There is strengthened evidence that climate change increases the frequency and/or severity of fire weather around the world. Land management alone cannot explain recent increases in wildfires, according to an update from internationally acclaimed scientists.
An initial ScienceBrief Review on the link between climate change and wildfire risk was conducted in January 2020, reviewing 57 scientific articles. 116 scientific articles are now available. This update focuses on articles relevant to the wildfires ongoing in the western United States, new findings relevant to the wildfires that raged in southeastern Australia during the 2019-2020, and new findings since January 2020.
It is part of a collection on Critical Issues in Climate Change Science, prepared for the COP26 climate conference to be held in Glasgow (2021).
The Northern hemisphere just had its hottest summer and hottest August on record, according to the US National Oceanic and Atmospheric Administration. The most notable temperature departures from average during August 2020 included the western contiguous United States. The states of California, Oregon and Washington have been worst hit by wildfires, with dozens of casualties, razing entire neighbourhoods to the ground and forcing the evacuation of thousands of people. At the end of September, the US National Weather Service said that another extended heatwave is returning to South West California, and warned of more critical fire day for parts of California because of high temperatures, dry conditions and gusty winds.
According to the ScienceBrief Review Update, new scientific publications reviewed since January 2020 strengthen the evidence that climate change increases the frequency and/or severity of fire weather - periods with a high fire risk due to a combination of high temperatures, low humidity, low rainfall and often high winds - in many regions around the world.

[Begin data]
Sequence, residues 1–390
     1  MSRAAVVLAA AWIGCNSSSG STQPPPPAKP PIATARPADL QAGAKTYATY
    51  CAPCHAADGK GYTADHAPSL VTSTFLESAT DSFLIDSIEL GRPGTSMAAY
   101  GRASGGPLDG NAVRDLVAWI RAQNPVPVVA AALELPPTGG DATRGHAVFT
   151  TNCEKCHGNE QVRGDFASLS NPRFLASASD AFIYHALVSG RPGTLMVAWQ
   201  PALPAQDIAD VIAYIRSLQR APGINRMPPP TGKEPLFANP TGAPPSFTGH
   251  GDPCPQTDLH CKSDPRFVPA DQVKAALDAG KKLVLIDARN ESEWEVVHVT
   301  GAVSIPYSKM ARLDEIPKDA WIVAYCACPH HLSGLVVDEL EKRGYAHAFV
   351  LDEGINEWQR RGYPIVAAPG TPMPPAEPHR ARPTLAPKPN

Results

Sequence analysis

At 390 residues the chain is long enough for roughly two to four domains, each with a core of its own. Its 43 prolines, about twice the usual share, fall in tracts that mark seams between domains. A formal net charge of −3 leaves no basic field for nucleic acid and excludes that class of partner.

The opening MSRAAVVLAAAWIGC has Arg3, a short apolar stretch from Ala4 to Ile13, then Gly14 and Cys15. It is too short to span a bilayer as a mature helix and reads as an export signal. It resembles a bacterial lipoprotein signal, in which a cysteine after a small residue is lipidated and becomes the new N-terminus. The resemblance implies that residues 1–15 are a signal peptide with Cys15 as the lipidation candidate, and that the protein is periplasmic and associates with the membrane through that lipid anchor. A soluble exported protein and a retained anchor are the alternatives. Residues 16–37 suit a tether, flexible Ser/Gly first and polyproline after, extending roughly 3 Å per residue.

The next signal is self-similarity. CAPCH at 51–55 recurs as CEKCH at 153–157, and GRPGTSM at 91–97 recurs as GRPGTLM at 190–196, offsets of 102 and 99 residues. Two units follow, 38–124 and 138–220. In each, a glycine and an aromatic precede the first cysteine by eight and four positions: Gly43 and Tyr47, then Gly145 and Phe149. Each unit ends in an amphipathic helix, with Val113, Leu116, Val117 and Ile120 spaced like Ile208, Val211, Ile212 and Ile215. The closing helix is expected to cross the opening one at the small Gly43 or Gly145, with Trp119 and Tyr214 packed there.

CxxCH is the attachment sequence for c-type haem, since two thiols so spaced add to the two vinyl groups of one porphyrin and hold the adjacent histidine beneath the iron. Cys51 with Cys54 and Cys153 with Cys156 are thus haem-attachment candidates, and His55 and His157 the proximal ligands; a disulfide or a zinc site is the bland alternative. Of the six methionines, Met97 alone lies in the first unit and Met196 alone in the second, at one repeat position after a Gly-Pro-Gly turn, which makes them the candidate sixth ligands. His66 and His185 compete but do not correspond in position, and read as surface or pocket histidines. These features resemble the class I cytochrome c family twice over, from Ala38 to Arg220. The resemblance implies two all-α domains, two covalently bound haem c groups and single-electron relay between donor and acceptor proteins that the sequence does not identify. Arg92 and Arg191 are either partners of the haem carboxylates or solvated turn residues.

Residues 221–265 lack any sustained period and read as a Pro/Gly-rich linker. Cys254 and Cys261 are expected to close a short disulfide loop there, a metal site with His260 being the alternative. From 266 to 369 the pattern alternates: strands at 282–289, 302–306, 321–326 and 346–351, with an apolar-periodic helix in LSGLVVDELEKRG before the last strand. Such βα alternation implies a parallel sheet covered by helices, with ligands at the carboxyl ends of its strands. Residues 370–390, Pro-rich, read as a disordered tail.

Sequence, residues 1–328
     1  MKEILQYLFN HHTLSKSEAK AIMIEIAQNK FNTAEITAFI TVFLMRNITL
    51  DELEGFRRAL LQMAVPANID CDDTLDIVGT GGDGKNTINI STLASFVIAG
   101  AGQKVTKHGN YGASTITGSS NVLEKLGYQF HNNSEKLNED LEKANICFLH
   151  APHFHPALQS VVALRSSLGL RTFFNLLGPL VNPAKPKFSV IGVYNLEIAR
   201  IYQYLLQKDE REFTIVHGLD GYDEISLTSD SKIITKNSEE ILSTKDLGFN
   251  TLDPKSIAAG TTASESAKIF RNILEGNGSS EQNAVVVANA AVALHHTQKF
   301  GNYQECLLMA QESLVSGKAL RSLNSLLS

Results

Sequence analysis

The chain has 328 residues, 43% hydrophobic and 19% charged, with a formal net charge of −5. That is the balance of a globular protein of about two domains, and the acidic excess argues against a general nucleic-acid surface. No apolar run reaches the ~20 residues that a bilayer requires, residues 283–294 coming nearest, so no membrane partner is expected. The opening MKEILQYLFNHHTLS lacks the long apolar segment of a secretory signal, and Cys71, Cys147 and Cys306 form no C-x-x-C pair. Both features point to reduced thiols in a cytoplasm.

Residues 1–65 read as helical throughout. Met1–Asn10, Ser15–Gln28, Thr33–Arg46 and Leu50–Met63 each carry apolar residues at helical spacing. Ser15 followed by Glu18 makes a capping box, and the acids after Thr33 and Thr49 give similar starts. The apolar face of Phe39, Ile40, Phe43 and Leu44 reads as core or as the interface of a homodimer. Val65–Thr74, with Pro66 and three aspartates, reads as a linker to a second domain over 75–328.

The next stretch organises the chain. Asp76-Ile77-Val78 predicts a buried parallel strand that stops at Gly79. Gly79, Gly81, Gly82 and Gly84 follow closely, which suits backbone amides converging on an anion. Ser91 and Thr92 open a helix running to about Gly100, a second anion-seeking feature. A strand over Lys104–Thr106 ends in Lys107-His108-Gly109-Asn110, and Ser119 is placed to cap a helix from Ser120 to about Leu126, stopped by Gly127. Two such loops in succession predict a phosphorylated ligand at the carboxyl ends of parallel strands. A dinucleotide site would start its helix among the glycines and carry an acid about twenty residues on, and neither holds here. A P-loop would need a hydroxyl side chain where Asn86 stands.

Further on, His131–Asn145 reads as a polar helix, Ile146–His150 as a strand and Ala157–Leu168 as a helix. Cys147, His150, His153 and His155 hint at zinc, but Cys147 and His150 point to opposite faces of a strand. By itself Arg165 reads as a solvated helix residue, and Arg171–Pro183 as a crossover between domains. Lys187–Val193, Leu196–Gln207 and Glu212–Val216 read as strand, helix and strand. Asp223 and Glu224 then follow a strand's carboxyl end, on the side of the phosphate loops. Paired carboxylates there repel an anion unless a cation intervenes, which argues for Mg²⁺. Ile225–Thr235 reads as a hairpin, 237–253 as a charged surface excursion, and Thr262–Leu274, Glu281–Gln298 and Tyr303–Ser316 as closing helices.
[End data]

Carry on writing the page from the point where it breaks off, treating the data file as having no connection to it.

The western United States is among the regions where the trends in fire weather have been most pronounced in the past at least 40 years. Fire activity is influenced by a range of other factors including land management practices. However, land management alone cannot explain recent increases in wildfire extent and intensity in the western US or southeast Australia because increased fire weather amplifies fire risk where fuels remain available.
The new analysis shows that:
- Well over 100 studies published since 2013 show strong consensus that climate change promotes the weather conditions on which wildfires depend, enhancing their likelihood.
- Natural variability is superimposed on the increasingly warm and dry background conditions resulting from climate change, leading to more extreme fires and more extreme fire seasons.
- Land management can ameliorate or compound climate-driven changes in wildfire risk, either through fuel reductions or fuel accumulation as unintended byproduct of fire suppression. Fire suppression efforts are made more difficult by climate change.
- There is an unequivocal and pervasive role of climate change in increasing the intensity and length in which fire weather occurs; land management is likely to have contributed too, but does not alone account for recent increases in wildfire extent and severity in the western US and in southeast Australia.
Authors: Adam J. P. Smith and Matthew W. Jones, Tyndall Centre for Climate Change Research, School of Environmental Sciences, University of East Anglia (UEA), UK; John T. Abatzoglou, Management of Complex Systems, University of California, Merced, Merced, CA, USA; Josep G. Canadell, CSIRO Oceans and Atmosphere, G.P.O. Box 1700, Canberra, ACT 2601, Australia; Richard A. Betts,, Met Office Hadley Centre, Exeter, and College of Life and Environmental Sciences, University of Exeter.
Major wind-driven ocean currents are shifting toward the poles
The severe droughts in the USA and Australia are the first sign that the tropics, and their warm temperatures, are apparently expanding in the wake of climate change. But until now, scientists have been unable to conclusively explain the reasons for this, because they were mostly focusing on atmospheric processes, according to a separate study from Germany's Alfred Wegener Institute, Helmholtz Centre for Polar and Marine Research in Bremerhaven (AWI).
"Now, experts at the AWI have solved the puzzle: the alarming expansion of the tropics is not caused by processes in the atmosphere, but quite simply by warming subtropical ocean.
"Our simulations show that an enhanced warming over the subtropical ocean in both the Northern and Southern Hemispheres are the main drivers," said the AWI report in the Journal of Geophysical Research Atmospheres.